By Anne Manning | The SOURCE
In order to understand how light and matter interact at atomic and subatomic scales, scientists must strip their measurements of these interactions down to the bare essentials.
In the laboratory of Dylan Yost, associate professor in Colorado State University’s Department of Physics, the study palette of choice is hydrogen, which is made of up just one electron and one proton. Because of this element’s very simple structure, Yost and his team can take measurements of forces inside these individual atoms, as they try to unify those measurements with longstanding theories about how the universe works.
The lab recently achieved one such extremely precise measurement – using lasers, supercooled hydrogen, and radio frequency electromagnetic waves – that characterizes the magnetic interaction between the proton and electron in a hydrogen atom. This quantum interaction manifests in the splitting of the atom’s electron energy levels, which physicists refer to as the “2S1/2 hyperfine interval.” Measuring this interval is a coveted achievement for physics because it allows for the testing of quantum theories using real numbers.
The CSU physicists detail their achievement in the journal Physical Review Letters. Using a custom-built spectroscopy tool that involves cooling hydrogen atoms down to a few degrees Kelvin, the researchers were able to capture the magnetic interaction inside a single hydrogen atom within 1 part in 100 million. “This is the same precision you would have if you measured the distance from California to New York to an accuracy of about 1 centimeter,” Yost said.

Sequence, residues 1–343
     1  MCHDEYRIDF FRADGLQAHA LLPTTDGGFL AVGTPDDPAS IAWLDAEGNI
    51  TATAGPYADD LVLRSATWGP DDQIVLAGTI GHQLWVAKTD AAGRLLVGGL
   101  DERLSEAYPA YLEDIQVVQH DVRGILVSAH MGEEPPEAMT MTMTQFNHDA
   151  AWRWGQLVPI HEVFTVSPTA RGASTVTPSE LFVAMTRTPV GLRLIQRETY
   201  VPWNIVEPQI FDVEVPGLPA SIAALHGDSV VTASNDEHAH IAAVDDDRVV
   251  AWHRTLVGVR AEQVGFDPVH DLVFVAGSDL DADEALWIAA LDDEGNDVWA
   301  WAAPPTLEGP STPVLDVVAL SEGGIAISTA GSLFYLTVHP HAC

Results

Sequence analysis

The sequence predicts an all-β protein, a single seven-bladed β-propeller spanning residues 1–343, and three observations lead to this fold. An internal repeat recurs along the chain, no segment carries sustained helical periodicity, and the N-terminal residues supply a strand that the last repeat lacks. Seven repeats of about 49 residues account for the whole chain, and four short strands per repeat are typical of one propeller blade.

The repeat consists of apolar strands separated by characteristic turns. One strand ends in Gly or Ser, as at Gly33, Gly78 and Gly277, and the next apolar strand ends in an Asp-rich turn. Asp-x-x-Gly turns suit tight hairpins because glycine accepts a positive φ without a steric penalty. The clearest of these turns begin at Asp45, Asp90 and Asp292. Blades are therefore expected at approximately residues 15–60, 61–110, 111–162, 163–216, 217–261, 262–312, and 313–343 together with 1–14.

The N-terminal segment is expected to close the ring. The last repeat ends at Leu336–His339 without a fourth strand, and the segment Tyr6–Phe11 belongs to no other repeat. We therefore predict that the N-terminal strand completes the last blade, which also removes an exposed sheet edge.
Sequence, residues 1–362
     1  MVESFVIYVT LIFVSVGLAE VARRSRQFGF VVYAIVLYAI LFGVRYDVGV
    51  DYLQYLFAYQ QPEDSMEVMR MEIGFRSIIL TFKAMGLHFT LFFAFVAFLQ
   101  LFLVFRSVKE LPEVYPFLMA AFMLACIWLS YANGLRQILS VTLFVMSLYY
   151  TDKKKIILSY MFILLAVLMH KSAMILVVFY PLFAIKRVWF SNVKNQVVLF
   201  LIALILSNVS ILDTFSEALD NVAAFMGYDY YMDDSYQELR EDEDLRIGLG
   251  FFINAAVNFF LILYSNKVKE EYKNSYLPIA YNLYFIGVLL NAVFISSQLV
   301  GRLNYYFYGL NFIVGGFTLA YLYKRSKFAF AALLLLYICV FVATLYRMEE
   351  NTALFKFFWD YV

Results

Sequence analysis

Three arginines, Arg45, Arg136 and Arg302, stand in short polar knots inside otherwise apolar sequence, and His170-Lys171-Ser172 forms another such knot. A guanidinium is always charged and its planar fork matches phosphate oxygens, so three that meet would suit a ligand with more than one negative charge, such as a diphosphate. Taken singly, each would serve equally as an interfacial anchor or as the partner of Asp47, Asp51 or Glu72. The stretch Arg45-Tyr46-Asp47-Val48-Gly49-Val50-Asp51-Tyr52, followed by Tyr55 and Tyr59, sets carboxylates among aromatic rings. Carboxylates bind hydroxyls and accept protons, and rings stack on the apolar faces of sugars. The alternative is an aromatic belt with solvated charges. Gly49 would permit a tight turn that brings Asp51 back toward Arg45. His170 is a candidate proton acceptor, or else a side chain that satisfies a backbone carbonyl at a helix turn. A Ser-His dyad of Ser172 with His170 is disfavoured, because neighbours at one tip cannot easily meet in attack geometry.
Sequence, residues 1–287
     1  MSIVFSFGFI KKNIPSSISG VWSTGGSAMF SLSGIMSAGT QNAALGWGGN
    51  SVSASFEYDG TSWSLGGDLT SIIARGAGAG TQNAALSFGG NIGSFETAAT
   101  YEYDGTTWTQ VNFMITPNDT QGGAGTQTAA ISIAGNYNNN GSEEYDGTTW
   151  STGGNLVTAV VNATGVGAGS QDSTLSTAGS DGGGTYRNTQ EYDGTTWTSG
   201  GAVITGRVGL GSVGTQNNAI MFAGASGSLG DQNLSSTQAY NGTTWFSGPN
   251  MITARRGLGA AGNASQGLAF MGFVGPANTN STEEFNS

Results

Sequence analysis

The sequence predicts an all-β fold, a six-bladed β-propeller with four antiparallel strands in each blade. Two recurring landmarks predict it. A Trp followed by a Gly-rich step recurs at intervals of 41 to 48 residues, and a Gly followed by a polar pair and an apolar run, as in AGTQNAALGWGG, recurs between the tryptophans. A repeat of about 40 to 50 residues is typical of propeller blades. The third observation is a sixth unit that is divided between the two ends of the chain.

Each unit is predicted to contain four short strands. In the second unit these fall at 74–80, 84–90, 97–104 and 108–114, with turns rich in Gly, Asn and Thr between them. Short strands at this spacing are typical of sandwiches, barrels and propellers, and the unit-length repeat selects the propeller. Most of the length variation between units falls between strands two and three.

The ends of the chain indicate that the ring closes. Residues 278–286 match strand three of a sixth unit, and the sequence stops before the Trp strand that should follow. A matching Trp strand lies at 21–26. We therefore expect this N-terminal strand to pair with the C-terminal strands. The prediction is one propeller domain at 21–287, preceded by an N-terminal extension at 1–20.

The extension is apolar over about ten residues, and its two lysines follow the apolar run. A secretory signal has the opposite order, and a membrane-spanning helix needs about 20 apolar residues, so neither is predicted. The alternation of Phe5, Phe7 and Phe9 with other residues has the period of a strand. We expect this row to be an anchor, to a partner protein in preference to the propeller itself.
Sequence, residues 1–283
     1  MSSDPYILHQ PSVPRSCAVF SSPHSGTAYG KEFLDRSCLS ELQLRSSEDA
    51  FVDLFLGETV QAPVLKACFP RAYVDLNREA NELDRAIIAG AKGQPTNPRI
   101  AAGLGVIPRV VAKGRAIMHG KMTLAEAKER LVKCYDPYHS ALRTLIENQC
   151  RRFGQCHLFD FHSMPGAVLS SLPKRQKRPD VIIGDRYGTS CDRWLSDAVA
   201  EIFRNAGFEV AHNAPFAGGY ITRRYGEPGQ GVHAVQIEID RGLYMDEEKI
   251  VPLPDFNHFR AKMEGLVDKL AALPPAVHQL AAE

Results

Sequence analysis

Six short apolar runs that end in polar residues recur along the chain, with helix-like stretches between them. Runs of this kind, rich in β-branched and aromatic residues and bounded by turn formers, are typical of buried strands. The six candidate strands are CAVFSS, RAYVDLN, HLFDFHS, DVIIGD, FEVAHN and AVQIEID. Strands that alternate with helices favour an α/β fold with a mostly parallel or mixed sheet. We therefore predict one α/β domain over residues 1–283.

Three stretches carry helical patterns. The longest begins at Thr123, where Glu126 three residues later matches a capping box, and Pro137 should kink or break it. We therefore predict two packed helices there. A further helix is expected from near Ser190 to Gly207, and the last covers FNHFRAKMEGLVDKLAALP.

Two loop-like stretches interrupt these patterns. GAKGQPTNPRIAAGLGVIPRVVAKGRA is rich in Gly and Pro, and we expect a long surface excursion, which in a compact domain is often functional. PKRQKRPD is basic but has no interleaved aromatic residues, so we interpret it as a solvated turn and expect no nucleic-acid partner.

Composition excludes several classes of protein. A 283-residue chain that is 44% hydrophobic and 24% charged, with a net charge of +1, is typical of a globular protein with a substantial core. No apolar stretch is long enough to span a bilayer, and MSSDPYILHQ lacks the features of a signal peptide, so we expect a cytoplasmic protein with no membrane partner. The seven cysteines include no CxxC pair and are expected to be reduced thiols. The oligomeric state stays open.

Their measurement supports the theory of quantum electrodynamics, which is a 100-year-old set of predictions within the Standard Model of Physics. Quantum electrodynamics is the mathematical description of all possible interactions between electrically charged particles via the movement and exchange of photons, which are elementary particles of light.
The CSU group’s measurement was in line with what the theory predicts, which means “the theorists working in quantum electrodynamics did a very good job,” Yost said.
The group who worked on the project and authored the paper included CSU undergraduate students Michael Weiss and Scott Johnson, both of whom are excited by the prospect of helping constrain confidence intervals around forces that are so fundamental to, well, everything.
“Eliminating possible precision errors in every step of our measurement was really cool to be a part of, and to see how it was all done,” Weiss said.
Johnson was especially awed by the ability to work closely not only with the lab’s advanced instrumentation, but also to pick up where others in the lab had left off in order to achieve their results.
“What we’re doing is continuing to build that knowledge higher and higher,” Johnson said.